On this day in 1971, Led Zeppelin played a gig at the National Stadium in Dublin. John Daly recalls an event that was also his first ever gig.
If the old proverb is correct in espousing that “vengeance is a dish best served cold”, then Led Zeppelin surely had a freezer full of retribution for Rolling Stone magazine.
In the magazine’s review of the band’s debut album — released 50 years ago this month — journalist John Mendelsohn did not spare the barbs: “Jimmy Page, around whom the Zeppelin revolves, is... a very limited producer and a writer of weak, unimaginative songs, and the album suffers from his having both produced and written most of it.”
Mendhlesson rounds out the assassination with a final attack on Led Zep’s “willingness to waste their considerable talent on unworthy material”.
Such a hatchet job certainly recalls the 2000 film, Almost Famous, inspired by writer Cameron Crowe’s years as a teenage music journalist, and where one 1970s rocker warns another about talking to the magazine: “It’s Rolling Stone, man,” he croaks. “The magazine that trashed ‘Layla’, broke up Cream, and ripped every album Led Zeppelin ever made!”
The fact that all the band’s albums went straight into the UK and US Top 10 must surely have made for a wonderfully tasty cold dish for Misters Page, Plant, Bonham and Jones to serve as the fame and fortune started to roll in.
Regardless of what kind of aggro they might have sustained from an initially unimpressed music press, when Led Zeppelin arrived in Dublin’s National Stadium on March 6, 1971, there wasn’t a single soul in that packed arena less than beatifically ‘dazed and confused’ to be present at such a legendary gig.
For myself, it was to become a huge tick on my life’s bucket list, long before I had even grasped such a concept — as I sat dead centre, seat A7, on the very front row for the princely sum of £1.25.
Barely into my teens, it was my first ever live concert — within touching distance of rock gods who were changing the world. All around was an air of unbridled expectation, like a roller-coaster moments before its deepest drop, added to by the pungent aroma of illicit substances breathing forth from every section. Smoking was an art form in those days.
Massive banks of enormous speakers towered almost to the ceiling, cables snaked off in every direction, and I can still remember the complete lack of barriers or security between audience and the stage — unheard of in today’s ultra-guarded arenas.
The band were then in the process of recording their seminal album, Led Zeppelin IV, and had blown away the Ulster Hall in Belfast the previous night, sending the media into overdrive with banner headlines proclaiming: ‘Ireland Unites Under Zeppelin’.
Long before Facebook or Instagram were even a concept, all 3,000 of us in that sweaty, grungy, ecstatic stadium knew we were going to hear the debut of ‘Stairway to Heaven’ — the song frequently listed top of the best rock anthems ever written. The same year the Irish Women’s Movement took the ‘contraceptive train’ to Belfast and The Troubles became a powder keg as internment was introduced, it was a night destined for the annals.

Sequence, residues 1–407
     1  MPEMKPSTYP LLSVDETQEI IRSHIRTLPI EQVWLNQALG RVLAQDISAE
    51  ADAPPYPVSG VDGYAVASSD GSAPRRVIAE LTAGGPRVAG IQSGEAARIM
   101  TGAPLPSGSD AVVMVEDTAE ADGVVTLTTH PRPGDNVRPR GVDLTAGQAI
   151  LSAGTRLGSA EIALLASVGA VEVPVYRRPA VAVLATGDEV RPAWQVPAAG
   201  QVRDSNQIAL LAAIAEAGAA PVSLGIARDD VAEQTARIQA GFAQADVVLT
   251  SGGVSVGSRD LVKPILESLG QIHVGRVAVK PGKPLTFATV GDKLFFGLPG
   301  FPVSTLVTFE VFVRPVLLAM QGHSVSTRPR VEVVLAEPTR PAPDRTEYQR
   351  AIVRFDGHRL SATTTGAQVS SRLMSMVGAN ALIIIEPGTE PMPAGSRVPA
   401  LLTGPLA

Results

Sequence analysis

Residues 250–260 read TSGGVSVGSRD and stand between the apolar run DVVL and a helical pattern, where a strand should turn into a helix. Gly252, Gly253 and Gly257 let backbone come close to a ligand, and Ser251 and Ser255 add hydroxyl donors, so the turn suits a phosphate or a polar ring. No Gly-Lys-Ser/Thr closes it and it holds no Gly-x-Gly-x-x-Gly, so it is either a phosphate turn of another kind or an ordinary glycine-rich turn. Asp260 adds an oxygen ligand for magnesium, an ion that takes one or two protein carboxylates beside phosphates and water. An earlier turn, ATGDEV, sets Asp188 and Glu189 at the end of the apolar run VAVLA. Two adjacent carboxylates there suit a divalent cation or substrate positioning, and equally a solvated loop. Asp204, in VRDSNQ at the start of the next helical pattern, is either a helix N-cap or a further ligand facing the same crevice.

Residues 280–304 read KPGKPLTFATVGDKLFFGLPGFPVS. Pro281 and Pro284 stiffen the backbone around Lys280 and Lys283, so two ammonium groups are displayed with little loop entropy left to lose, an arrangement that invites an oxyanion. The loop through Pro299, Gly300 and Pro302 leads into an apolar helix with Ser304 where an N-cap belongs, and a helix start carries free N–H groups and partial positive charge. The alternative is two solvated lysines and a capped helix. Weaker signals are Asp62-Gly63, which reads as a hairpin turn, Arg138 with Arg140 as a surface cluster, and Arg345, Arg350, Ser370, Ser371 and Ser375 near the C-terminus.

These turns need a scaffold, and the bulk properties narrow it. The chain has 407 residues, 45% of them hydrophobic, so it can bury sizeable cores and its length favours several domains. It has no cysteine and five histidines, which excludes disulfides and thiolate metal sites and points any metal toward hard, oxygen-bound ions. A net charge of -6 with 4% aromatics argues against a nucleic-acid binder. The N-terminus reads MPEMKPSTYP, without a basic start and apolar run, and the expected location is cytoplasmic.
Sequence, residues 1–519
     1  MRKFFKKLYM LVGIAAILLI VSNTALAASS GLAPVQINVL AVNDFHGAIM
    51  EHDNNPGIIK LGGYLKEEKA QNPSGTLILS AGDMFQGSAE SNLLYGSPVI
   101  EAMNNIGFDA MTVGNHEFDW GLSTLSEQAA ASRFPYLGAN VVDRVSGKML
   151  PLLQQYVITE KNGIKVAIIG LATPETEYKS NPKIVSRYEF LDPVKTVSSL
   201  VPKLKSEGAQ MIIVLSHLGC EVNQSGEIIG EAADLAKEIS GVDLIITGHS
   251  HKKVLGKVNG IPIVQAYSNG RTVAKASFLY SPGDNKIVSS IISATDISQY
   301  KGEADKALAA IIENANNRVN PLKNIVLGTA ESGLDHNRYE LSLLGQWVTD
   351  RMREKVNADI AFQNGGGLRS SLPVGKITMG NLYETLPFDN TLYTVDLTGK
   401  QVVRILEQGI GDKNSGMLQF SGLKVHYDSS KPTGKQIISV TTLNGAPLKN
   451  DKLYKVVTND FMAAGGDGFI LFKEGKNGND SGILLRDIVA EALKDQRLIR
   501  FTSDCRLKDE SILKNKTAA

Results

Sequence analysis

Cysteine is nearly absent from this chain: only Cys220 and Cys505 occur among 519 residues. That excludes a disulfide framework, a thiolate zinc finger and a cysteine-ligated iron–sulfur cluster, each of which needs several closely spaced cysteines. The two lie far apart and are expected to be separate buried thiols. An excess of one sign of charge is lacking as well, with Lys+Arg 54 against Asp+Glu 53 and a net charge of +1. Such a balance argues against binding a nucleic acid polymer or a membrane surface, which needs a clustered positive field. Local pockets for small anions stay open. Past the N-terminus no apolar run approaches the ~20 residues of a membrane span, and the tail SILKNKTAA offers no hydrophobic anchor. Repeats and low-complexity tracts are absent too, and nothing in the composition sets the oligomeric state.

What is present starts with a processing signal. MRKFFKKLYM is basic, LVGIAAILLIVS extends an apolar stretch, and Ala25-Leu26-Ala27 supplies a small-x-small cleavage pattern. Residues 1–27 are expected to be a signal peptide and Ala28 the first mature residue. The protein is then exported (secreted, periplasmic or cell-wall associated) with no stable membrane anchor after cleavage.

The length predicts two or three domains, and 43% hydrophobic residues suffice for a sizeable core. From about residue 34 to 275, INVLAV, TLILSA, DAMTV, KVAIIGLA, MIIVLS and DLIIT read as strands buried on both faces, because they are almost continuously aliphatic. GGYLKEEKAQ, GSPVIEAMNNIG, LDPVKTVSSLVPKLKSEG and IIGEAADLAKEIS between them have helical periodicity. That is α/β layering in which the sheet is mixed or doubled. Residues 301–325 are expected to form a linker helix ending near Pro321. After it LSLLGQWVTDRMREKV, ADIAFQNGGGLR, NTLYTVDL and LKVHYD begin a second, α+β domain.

And suddenly they were there, a quartet of whirling dervishes cloaked in clouds of dry ice only six feet from us, racing into the wrap-around, ear-shattering volume of ‘Immigrant Song’.Lead singer Robert Plant, bare-chested and wailing like a banshee, drenched us in sweat with every twirl of his pelvic-length blond locks. Some reviewers suggested his ability to hit high notes was in direct proportion to the tightness of his jeans. No arguments there.
Jimmy Page explained after the intro numbers:
Playing his twin-necked Gibson guitar with a violin bow during ‘Dazed & Confused’, he puffed carelessly on a dangling cigarette while prancing across the stage clad in an ankle-length leather coat adorned with an SS badge on the collar. Cool and rebellious? Oh yeah.
The stadium really went ape as the first chords of their global hit, ‘Whole Lotta Love’, echoed across the rafters. It was the ultimate heavy rock call to arms that had everyone standing on seats, stomping the floor and bouncing in the aisles. Nobody was sitting at that point, and the few befuddled security staff, who had long given up attempting to restore order, melted meekly toward the exits. If this was the teenage rebellion, I wanted more.
Artist William Mulhall, who designed the tour poster depicting a zeppelin looming through the clouds over the Harland & Wolff shipyard, was invited to watch the concert from a prime position in the wings.
He later recalled:
Seemingly without pause to draw breath, the anthems piled up on each other — ‘Black Dog’, ‘Moby Dick’, ‘Going To California’, ‘Communication Breakdown’ — whipping the stadium into a frenzied, stamping, throbbing mass. In an arena more accustomed to southpaws and haymakers, all 3,000 of us reeled from the musical punches and rhythmic rope-a-dope being thrown our way.
The standing ovation started long before the show was over, and at the end Zeppelin were forced to come back for several encores before the night was done.
I can still vividly remember a beautiful blonde-haired girl a few seats along my front row — Afghan coat, purple tie-dye peasant blouse, ‘Ban the Bomb’ headband —stubbing out a doobie beneath the heel of her Earth shoe and murmuring: “It’ll never be better than this,” as she passed me by. She wasn’t wrong.